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The Gospel, though it makes favourable allowances to human infirmities, and accepts of humble repentance and honest endeavours, yet holds no fellowship and makes no composition and truce with the worldly and selfish affections; it requires of all those who would hope and expect a reward hereafter, to set their affections, not on things below, but on things above, that the heart and the treasure may be in the same place.

DISSERTATION VI.

ON THE STATE OF THE DEAD, AS DE

SCRIBED BY HOMER AND VIRGIL.

QUALE PER INCERTAM LUNAM, SUB LUCE MA

LIGNA,

EST ITER IN SILVIS.

DISSERTATION VI.

ON THE STATE OF THE DEAD, AS DESCRIBED BY HOMER AND VIRGIL.

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HERODOTUS saith of Homer and Hesiod, that they were the first who made a Theogony for the Greeks, that is, who collected and drew it up into a kind of system: Οὗτοι δέ εἰσι οἱ ποιήσαντες 5 ογονίην Ἕλλησι, καὶ τοῖσι θεοῖσι τὰς ἐπωνυμίας δόντες, καὶ τιμάς τε καὶ τέχνας διελόντες, καὶ ἴδεα αὐτῶν σημ Illi fuere qui Græcis Theogoniam fecerunt, deisque et cognomina dederunt, honoresque et artificia separaverunt, et figuras eorum designaverunt." ii. 53.

ναντες·

To suppose Homer to have been the author of the Theology and Mythology contained in his poems, would be as unreasonable as to imagine that he first taught the Greeks to read and to write. As he lived in no barbarous age or country, but when the Greek language was polished and copious, if he had been the first inventor and spreader of the fables which ascribe such wild inconsistency, weakness, folly, misery, and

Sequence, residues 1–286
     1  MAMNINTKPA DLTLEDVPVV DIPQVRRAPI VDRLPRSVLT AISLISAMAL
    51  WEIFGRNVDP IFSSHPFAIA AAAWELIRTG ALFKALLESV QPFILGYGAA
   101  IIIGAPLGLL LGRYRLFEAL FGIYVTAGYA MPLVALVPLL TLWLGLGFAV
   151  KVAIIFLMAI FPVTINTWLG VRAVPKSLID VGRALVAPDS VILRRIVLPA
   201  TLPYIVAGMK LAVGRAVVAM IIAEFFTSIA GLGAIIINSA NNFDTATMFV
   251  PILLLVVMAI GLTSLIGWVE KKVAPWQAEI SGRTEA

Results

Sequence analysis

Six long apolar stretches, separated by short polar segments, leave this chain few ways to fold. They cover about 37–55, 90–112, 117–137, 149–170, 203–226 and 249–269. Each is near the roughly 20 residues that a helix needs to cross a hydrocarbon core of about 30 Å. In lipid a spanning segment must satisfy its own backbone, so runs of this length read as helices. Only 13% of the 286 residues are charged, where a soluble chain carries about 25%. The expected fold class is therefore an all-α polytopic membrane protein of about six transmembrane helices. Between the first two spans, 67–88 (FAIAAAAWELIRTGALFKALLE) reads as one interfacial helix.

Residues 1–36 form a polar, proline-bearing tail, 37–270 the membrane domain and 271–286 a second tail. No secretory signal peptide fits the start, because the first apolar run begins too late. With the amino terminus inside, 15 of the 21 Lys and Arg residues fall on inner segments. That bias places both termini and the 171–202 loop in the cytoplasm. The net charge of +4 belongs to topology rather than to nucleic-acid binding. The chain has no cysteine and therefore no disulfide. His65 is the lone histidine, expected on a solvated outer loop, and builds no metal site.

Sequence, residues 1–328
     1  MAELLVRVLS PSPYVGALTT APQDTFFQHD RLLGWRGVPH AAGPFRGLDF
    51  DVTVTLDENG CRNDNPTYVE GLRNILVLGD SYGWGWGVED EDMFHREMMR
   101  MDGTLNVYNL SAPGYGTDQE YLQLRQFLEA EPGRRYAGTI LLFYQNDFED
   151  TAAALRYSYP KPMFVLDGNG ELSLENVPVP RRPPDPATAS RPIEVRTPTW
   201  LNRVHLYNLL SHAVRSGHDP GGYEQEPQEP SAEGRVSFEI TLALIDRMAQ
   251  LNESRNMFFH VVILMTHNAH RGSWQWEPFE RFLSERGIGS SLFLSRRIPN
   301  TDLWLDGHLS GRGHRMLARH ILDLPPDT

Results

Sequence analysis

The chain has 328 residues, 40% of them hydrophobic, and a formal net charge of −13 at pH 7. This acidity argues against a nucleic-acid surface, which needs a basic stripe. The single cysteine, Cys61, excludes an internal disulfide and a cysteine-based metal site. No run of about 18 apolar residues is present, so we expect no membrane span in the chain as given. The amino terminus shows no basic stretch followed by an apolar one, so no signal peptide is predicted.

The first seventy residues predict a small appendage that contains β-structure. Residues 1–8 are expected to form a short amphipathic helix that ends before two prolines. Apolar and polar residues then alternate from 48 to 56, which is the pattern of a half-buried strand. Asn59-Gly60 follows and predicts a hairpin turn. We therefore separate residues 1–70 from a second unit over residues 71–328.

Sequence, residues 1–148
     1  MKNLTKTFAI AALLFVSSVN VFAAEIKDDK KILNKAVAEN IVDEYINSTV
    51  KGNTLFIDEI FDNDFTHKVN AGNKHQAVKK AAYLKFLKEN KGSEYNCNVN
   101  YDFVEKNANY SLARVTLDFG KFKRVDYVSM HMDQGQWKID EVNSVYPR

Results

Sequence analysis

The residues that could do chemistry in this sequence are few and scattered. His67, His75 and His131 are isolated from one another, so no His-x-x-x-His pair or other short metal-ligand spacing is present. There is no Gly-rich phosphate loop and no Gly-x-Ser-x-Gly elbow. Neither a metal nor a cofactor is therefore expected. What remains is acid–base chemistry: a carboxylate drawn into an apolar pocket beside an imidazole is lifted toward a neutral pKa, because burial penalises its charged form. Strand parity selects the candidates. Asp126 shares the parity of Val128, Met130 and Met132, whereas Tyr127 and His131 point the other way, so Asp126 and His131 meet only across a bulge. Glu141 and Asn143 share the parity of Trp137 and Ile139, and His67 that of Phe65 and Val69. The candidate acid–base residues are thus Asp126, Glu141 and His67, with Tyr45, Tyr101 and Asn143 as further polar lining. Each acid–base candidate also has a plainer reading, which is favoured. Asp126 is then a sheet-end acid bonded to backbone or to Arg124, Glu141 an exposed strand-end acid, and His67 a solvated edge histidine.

wickedness a to the Gods, his works would hardly have been received by his contemporaries with favour and applause. We find that in the following ages, when wise men began to reason more upon these subjects, they censured Homer's theology, as highly injurious to the Gods, if it were understood in the literal sense. But when Homer wrote he had sufficient excuse and authority for the fables which he delivered; and he introduced into his poems, by way of machinery, and with some decorations, theological legends contrived in more rude and ignorant times, and sanctified by hoary age and venerable tradition. Tradition had preserved some memory of the things which the Gods had done and had suffered when they were

* !

men.

'I do not believe,' says Iphigenia, ‘that Diana delights in human victims,'

Οὐδένα γὰρ οἶμαι δαιμόνων εἶναι κακόν.

Neminem enim Deorum malum esse censeo.'
Euripides, Iphig. in Taur. 391.

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̓Εγὼ δὲ τὸς θεὸς ἔτε λέκτρ ̓ ἃ μὴ θέμις,
Στέργειν νομίζω, δεσμά τ ̓ ἐξάπτειν χεροῖν,
Οὔτ ̓ ἠξίωσα πώποτ', ἔτε πεισομαι,
Οὐδ ̓ ἄλλον ὖλλε δεσπότην πεφυκέναι.
Δεῖται γὰρ ὁ θεὸς, εἴπερ' ἐς ̓ ὄντως θεός,
Ουδενός· ἀοιδῶν· οἵδε δύσηνοι λόγοι.

Eschylus also, in his Prometheus, describes Jupiter just as a

Jew or a Christian would represent the Devil, as a hater of man

kind, and a tyrant void of all gratitude and clemency.

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